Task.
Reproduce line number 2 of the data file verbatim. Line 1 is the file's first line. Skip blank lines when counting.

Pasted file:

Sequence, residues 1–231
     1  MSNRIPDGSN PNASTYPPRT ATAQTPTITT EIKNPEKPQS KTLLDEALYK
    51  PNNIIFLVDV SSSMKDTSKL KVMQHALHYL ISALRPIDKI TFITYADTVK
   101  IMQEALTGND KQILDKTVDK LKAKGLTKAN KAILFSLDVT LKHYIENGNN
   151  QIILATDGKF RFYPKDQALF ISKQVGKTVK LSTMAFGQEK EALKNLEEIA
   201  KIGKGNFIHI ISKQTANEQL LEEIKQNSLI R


     1  MSNRIPDGSN PNASTYPPRT ATAQTPTITT EIKNPEKPQS KTLLDEALYK